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Original article

Lamivudine-resistant HBV infection in HIV-positive patients receiving antiretroviral therapy in a public routine clinic in Cameroon

Charles Kouanfack, Avelin F Aghokeng, Anne-Marie Mondain, Anke Bourgeois, Alain Kenfack, Eitel Mpoudi-Ngolé, Jacques Ducos, Eric Delaporte, Christian Laurent

Corresponding author name: Christian Laurent
Corresponding author e-mail: Christian.Laurent@ird.fr

Citation: Antiviral Therapy 2012; 17:321-326
doi: 10.3851/IMP1911

Date accepted: 30 May 2011
Date published online: 23 September 2011


Background: In Africa, most HIV–HBV-coinfected patients on antiretroviral therapy (ART) receive an anti-HBV lamivudine monotherapy that has been shown in northern countries to lead to frequent emergence of drug resistance. We assessed the HBV prevalence and the rate and pattern of lamivudine-resistant HBV mutations in Cameroonian HIV-infected, ART-treated patients.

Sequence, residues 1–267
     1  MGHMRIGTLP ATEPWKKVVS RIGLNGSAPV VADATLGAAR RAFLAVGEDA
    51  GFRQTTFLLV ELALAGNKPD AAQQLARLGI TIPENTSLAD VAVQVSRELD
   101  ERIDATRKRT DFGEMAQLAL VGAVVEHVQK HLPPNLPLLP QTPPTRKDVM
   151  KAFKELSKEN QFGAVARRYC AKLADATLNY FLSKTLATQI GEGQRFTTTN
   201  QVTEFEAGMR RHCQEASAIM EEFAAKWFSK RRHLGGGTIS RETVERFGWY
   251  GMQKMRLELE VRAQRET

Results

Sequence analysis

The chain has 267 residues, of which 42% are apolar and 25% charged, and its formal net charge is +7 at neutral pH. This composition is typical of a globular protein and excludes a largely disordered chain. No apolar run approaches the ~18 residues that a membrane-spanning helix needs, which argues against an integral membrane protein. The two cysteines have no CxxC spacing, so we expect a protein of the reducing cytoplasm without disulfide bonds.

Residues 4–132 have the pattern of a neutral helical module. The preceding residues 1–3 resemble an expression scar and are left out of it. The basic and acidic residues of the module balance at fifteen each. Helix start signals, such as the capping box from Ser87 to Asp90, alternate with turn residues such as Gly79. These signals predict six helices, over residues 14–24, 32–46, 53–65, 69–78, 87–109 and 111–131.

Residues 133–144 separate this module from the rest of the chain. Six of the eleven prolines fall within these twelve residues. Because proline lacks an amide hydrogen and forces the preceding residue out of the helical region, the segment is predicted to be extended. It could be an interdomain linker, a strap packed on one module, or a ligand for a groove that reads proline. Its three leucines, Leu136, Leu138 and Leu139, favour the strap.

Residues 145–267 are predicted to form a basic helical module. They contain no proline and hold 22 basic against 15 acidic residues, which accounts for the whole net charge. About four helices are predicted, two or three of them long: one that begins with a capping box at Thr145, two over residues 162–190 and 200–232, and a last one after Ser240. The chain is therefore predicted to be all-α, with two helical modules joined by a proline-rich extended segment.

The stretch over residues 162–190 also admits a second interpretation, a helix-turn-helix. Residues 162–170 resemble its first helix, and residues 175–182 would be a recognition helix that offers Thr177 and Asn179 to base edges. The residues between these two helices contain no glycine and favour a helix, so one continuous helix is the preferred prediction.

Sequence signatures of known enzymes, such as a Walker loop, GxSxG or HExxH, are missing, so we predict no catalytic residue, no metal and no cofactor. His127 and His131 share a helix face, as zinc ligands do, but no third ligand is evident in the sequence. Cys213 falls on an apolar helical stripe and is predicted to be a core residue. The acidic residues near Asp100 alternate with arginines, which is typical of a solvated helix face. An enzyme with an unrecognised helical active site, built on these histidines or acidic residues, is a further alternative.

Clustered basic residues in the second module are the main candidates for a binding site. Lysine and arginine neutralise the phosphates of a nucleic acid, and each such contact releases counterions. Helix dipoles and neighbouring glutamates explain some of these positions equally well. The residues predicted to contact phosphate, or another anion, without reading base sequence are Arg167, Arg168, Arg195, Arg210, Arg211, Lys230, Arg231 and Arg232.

Methods: A cross-sectional survey was performed in 2006–2007 at the HIV/AIDS outpatient clinic of the Central Hospital in Yaoundé, Cameroon. Plasma samples were tested as appropriate for hepatitis B surface antigens, antibodies to hepatitis B core, HBV DNA, genotypes and lamivudine-resistant polymerase mutations.

Results: Of 552 adult patients (71% women, median age 38 years), 290 had received lamivudine-based ART for 12 months and 262 for 24 months. No patient had received tenofovir. The prevalence of hepatitis B surface antigen was 9.8%. Overall, 26% of seropositive patients had an HBV DNA level >40 IU/ml. Genotypes A and E were identified. Polymerase resistance mutations were detected in 14% and 60% of patients at months 12 and 24, respectively.

Conclusions: This study supports both WHO recommendations of screening for HBV before initiation of ART and of using ART containing tenofovir and either lamivudine or emtricitabine in HIV–HBV-coinfected patients in Africa.


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